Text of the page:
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News: Case Study | Children’s long term visual memories of favorite animals

 

 

 

 

 

 

Research Features

  • Cognitive Behavior-Element | Ability to retrieve complex information from multiple sources in long-term memory and to organize the information in a new way.
  • Neuroscience Component | Visual images are stored in different areas of the brain. Working memory is required for memory search and drawing task.
  • Experimental Modification | The protocol for Case Study requests children to recall seven (7) features about their favorite animal. Generic prompts are given to the entire class to aid all children’s searches of their longterm memories for visual images of the animal they select for their drawing.

Sample | Twelve elementary school classrooms, including 12 teachers and 250 students, participated in this experimental lesson.

Method | The experimental lesson involved the following steps.

  • Reading the protocol
  • Distributing paper and a colored pen set to each student
  • Maintaining quiet during drawing time
  • Circulating among children as they finished their drawings
  • Asking if children wished to describe for the visiting teacher/researcher (i.e., the author) any information they didn’t show in their animal pictures
  • Recording each student’s comments, name, and age on the back of each picture

The protocol below was intended to enable children to form mental visual images of the animals they would choose to draw. To this end, the protocol was designed to provide generic prompts that would stimulate each student to think about and recall the specific features of the animal each child was likely to choose and portray in a picture. The same protocol was given in all classes, and children were treated identically in terms of the generic prompts they received, regardless of the differences in the ages of the students. Since the author was exploring the use of generic prompts with all children before they chose the animal they wanted to draw, children were asked to close their eyes throughout the instructions, while they thought about “their animal.” One last point, the drawing task was not related to any classroom instruction about animals.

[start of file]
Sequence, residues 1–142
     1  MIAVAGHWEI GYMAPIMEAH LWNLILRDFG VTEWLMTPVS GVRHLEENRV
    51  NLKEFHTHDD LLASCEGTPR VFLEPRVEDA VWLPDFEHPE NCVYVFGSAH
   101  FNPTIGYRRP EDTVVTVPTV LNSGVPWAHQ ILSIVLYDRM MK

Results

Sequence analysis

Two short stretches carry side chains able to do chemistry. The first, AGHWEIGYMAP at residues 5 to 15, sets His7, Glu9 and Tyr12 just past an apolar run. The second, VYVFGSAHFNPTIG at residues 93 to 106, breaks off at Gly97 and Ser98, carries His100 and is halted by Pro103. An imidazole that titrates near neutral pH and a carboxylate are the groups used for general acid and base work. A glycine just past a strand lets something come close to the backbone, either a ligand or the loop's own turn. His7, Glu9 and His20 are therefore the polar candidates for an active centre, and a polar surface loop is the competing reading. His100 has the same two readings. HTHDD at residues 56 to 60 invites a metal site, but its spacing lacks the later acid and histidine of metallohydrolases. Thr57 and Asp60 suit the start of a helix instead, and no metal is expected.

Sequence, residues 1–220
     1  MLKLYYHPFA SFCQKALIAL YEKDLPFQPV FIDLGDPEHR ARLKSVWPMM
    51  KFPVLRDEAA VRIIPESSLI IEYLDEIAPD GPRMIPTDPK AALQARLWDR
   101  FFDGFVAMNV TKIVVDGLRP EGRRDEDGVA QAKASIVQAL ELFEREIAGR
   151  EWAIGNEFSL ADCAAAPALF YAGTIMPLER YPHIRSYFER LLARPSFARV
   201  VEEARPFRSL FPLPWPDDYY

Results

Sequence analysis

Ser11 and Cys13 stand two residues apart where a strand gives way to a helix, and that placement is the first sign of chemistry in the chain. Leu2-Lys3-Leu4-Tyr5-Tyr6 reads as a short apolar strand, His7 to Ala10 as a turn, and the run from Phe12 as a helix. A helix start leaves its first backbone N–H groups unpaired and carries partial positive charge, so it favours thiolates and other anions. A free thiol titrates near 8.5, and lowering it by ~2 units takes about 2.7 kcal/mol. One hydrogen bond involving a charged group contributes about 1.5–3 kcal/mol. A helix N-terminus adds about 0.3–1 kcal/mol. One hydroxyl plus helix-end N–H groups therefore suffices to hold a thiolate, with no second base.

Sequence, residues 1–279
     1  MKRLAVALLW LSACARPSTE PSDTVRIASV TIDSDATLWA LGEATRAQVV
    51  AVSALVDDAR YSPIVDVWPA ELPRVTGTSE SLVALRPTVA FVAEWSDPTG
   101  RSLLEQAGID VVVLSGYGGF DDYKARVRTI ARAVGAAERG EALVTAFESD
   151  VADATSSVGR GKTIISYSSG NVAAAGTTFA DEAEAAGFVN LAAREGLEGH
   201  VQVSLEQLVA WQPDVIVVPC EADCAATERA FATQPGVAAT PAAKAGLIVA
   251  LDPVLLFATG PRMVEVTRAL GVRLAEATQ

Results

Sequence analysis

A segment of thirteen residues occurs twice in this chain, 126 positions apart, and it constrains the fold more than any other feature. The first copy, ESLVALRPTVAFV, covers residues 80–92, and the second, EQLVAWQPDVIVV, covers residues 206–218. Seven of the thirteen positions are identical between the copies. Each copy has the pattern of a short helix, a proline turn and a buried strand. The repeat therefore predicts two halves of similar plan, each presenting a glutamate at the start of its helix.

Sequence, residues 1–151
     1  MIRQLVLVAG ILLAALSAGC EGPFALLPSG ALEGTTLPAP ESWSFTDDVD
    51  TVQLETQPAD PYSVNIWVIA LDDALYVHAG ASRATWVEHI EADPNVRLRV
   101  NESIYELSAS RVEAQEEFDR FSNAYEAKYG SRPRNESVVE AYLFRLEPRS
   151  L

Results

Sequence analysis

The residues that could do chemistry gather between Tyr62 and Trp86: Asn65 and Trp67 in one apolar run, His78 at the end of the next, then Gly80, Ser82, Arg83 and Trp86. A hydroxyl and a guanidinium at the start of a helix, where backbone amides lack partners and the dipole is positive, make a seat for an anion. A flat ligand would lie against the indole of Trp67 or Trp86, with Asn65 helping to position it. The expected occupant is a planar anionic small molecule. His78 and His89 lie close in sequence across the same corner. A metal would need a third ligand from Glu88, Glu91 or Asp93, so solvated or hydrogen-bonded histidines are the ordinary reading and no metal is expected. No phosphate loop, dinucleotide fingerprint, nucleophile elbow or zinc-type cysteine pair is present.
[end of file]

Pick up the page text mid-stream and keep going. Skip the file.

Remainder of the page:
Protocol | Today you will explore how many pictures your brain stores in your mind. I will ask each of you to close your eyes while you think about an animal that you know a lot about, maybe from books or television or movies. Maybe it is an animal you have or once had as a pet. Try to picture the animal in your mind. (Pause.) Once you have chosen your animal, still keep your eyes closed while I ask you to think about special parts of the animal, and what the animal is doing. Afterward, I will give you paper and a set of colored pens to show what you remember about the animal you choose. Now listen to what I say.

“Again, close your eyes and think of an animal that you can easily imagine with your eyes closed. (Pause.) Think about the animal you want to draw. Think about its size and shape. How big is it? (Pause.) Still keeping your eyes closed, what color is the animal? Is it one color or more than one color? (Pause.) Can you see its texture? How would it feel to touch? (Pause.) What is the animal’s environment? Where does it live? (Pause) Can you picture what the animal eats? (Pause.) Are there plants or other animals that live nearby? (Pause.) Still keeping your eyes closed, how does the animal look when it is resting? (Pause.) Once you can picture your animal in your mind, raise your hand and I will bring paper and a set of colored pens to you to draw the picture in your mind.”

Discussion of Result | Children’s drawings varied in complexity and amount of detail. Talking with children after they completed their drawings gave a more complete profile of children’s recalled visual memories of the animals they chose to draw. Older children, ages nine to twelve years, were expected to recall and represent more complex visual information in their pictures, but the complexity of children’s recalled visual images appeared unrelated to their age. The Shark sketched by a five-year-old boy illustrates the surprising level of detail in many young children’s drawings. Note all of the plants and animals in the shark’s environment and the marginal notes of the boy’s explanation of what each animal ate. A second drawing, The Elephant was created by a seven-year-old girl, shows a remarkable similarity between the current child’s drawing and the 20,000-year-old cave drawing of a reindeer. Both The Elephant and The Reindeer show animals walking in streams filled with fish around their legs.

Wise Articulation | The Organic Rehab

 

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